The original release date for Richard Linklater’s A Scanner Darkly is finally coming out! A second trailer for the film has been posted on Apple’s site for anyone to check out, based on head-trippin’ Philip K. Dick’s story. If you don’t know Dick, well, you don’t know dick.
Being a fan of Linklater, PKD and digital animation, this is definitely on my list of must see movies.
This article about the post production process is interesting, and mentions the reasons for the lockout of the animators….
But behind closed doors, it was clear something had to change. Sabiston, who was falling behind schedule, allegedly asked for more time, more money, and more staff. Tensions mounted, and one Friday in February 2005, four months after the animation process began, Sabiston and his four-person core team went to a local café to discuss strategy. Pallotta took action. A security guard was posted at the door, the locks were changed, and their workstations were seized. Pallotta replaced Sabiston with two local artists, Jason Archer and Paul Beck, whom he felt would bring a more practical, commercial attitude to the production. “There were a lot of comments about ‘ruining the art,'” says a source close to the situation. “But we weren’t trying to ruin it, we just wanted it better than they wanted it done.” The studio bumped the budget to $8.7 million and gave Linklater another six months to finish the movie.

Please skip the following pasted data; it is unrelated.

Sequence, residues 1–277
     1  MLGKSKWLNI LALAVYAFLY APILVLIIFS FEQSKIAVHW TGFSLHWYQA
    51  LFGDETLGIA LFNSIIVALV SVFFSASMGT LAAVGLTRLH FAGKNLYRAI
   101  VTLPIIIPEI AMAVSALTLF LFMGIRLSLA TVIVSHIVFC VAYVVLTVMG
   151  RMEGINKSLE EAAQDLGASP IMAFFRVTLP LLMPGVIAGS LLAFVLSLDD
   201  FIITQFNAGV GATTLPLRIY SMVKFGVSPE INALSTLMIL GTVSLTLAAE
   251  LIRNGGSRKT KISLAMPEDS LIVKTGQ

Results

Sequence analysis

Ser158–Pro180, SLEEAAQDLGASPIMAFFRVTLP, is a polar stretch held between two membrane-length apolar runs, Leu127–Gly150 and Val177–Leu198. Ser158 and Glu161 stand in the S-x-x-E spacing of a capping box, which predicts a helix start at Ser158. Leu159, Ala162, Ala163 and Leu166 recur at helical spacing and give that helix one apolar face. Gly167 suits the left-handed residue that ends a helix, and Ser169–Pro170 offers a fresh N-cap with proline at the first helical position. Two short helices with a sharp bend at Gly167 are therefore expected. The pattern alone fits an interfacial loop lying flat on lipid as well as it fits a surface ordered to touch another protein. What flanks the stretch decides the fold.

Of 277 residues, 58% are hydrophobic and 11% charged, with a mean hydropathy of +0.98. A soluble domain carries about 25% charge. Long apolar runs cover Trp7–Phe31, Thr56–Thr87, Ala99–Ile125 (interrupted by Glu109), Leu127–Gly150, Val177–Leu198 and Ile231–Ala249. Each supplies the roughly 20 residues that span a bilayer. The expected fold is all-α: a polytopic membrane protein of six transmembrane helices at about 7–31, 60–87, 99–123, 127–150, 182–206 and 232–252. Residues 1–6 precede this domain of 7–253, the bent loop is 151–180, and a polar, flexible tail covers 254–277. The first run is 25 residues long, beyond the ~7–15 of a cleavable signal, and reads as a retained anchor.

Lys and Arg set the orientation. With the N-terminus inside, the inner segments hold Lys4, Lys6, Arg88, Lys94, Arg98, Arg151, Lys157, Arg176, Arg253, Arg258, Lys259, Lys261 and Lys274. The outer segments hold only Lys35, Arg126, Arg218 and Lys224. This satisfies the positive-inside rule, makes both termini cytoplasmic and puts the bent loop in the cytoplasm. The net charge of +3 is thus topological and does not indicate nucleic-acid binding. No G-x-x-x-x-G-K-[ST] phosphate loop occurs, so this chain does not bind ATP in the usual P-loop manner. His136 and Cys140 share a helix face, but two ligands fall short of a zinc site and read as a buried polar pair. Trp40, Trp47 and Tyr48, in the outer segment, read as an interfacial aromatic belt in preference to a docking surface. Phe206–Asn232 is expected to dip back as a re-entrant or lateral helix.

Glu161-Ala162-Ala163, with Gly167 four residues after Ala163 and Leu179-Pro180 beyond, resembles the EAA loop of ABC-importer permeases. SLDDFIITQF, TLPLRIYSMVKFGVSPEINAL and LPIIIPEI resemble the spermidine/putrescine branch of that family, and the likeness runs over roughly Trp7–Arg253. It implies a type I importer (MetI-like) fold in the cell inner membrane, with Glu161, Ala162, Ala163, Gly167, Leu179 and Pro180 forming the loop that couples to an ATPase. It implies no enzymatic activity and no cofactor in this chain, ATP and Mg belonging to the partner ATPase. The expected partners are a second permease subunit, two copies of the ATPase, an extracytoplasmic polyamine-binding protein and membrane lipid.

Pallotta recast the operation as a more traditional, Disneyesque animation project – complete with a style manual, a strict deadline schedule, and a policy of breaking the film into even smaller segments. For example, one animator was assigned to work primarily on Winona Ryder’s character. The thinking was that the character would then look the same throughout the entire film. The style manual standardized the movie’s visuals and indoctrinated the new artists. It dictated a drawing method for everything from male characters (“an emphasis on tendons in the neck adds masculinity”) to Reeves’ beard (“retain the patchy quality by inking large, separate chunks that can be unified by color”). This approach, used successfully by larger animation houses, eliminates the personal interpretation that can sabotage a director’s unified vision.
That sounds like the way it should have been handled from the get go. Then again, Linklater’s earlier Waking Life, using the same rotoscoping techniques, didn’t need such a tight constraint, given the lattitude individual artists were given for their vignettes.
Just don’t follow the link to Wired’s Top 10 Reasons Keanu Reeves Rules… I’m not even gonna hot link it.
Damn… too late.
A Scanner Darkly open July 7th, 2006.